“I tend to have really vivid dreams (after taking it),” said Dr. (Maj.) Imad Haque, the 160th FST team leader.

On visits to clinics in Tahoua, Niger, where Team Niger is working, the two most-requested medicines are antibiotics and anti-malaria drugs, Haque said.

It would be a poor risk not to take malaria medication when deployed to an at-risk area, he said.

“People die (every) year from malaria,” Haque said. “It’s not a disease that is a ho-hum kind of thing. It kills people.”

Reporter Charlie Coon contributed to this report.

Quick facts about malaria

What is it? Malaria is a serious and sometimes fatal disease caused by a parasite. It is a leading cause of death and disease worldwide, especially in developing countries.

The World Health Organization estimates that each year 300 million to 500 million cases of malaria occur, and more than 1 million people, mostly young children, die from it.

Where do you get it? Malaria occurs in more than 100 countries and territories in Africa, the Middle East, Southeast Asia, the Indian subcontinent, large areas of Central and South America, Hispaniola (the Caribbean island that is divided between Haiti and the Dominican Republic) and Oceania.

How do you get it? Usually, people get malaria by being bitten by an infected female Anopheles mosquito. Only Anopheles mosquitoes can transmit malaria and they must have been infected through a previous blood meal taken on an infected person.

What does it feel like? Fever and flu-like illness, including shaking chills, headache, muscle aches and tiredness. Nausea, vomiting and diarrhea may also occur. Malaria may cause anemia and jaundice (yellow coloring of the skin and eyes) because of the loss of red blood cells. Infection with one type of malaria, Plasmodium falciparum, if not promptly treated, may cause kidney failure, seizures, mental confusion, coma and death.

Symptoms usually begin 10 days to four weeks after infection, although a person may feel ill as early as seven days or as late as one year later.

How do you prevent it? Taking prescribed medications, wearing permethrin-inpregnated uniforms, spraying exposed skin with insect repellant containing DEET and — when provided — placing mosquito nets around you while sleeping.

How do you treat it? The most common anti-malarial medication prescribed to troops is Doxycycline. Side effects include upset stomach, increased sensitivity to the sun and allergic reaction.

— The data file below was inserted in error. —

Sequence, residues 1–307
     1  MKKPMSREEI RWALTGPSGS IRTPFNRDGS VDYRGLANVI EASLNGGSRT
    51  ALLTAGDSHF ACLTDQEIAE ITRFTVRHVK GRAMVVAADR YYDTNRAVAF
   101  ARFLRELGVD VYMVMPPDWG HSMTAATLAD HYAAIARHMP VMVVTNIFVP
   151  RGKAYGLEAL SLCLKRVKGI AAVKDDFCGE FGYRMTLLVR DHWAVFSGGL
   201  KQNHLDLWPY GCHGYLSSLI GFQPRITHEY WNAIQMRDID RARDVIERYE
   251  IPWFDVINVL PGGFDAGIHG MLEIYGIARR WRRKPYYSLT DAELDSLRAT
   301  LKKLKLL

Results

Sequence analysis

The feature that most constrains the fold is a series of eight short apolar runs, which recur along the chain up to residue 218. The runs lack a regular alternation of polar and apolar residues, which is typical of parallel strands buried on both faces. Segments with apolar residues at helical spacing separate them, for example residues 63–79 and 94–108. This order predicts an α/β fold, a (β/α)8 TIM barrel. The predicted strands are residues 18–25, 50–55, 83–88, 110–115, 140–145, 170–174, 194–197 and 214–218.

The alternative anti-malarial medication is mefloquine, which is also known as Larium. However, people with psychiatric problems should not take mefloquine, as its side effects include thoughts of killing or harming yourself. The Department of Defense issued a directive stating that prior to being prescribed mefloquine, troops should be screened for psychiatric issues.

Sources: National Center for Infectious Diseases, Division of Parasitic Diseases; Landstuhl Regional Medical Center; UPI.

— Steve Mraz

Report faults methods at preventing outbreak

In August 2003, a joint task force deployed to the West African nation of Liberia to participate in a peacekeeping mission. Of the 290 who went ashore, 79 U.S. troops and one civilian were treated for malaria — nearly one-third of the personnel who landed.

Four of those infected required treatment in an intensive care unit.

“Some were very, very sick,” said Maj. James Mancuso, chief of epidemiology for the U.S. Army Center for Health Promotion and Preventive Medicine-Europe. “It really was not certain that all of them were going to make it, but they did.

“It was a disaster. To me, that really hits home that prevention measures need to be taken.”

Of the 80 malaria cases treated, 71 involved Marines.

An after-action report dated Oct. 9, 2003, stated that:

The Marines were not taking mefloquine — their prescribed once-a-week, anti-malarial medication — as scheduled.Insect repellent containing DEET was available but was not routinely used.Uniforms treated with permethrin, an insect repellent, were not available in adequate numbers.Bed nets were not used because of net design and mission requirements.The report admitted that the malaria prevention regimen is complex and difficult to implement. However, the report concluded that U.S. forces can deploy to high-risk malaria areas without suffering a similar outbreak if the prevention policies and measures are routinely applied.

“This outbreak highlights that when you go to an area that’s endemic for malaria, the risk is real and all you need to do is be infected by that mosquito,” said Col. Kent Bradley, preventive medicine consultant with Europe Regional Medical Command.

“You can come down with malaria, and it can basically make your unit non-mission capable very quickly.”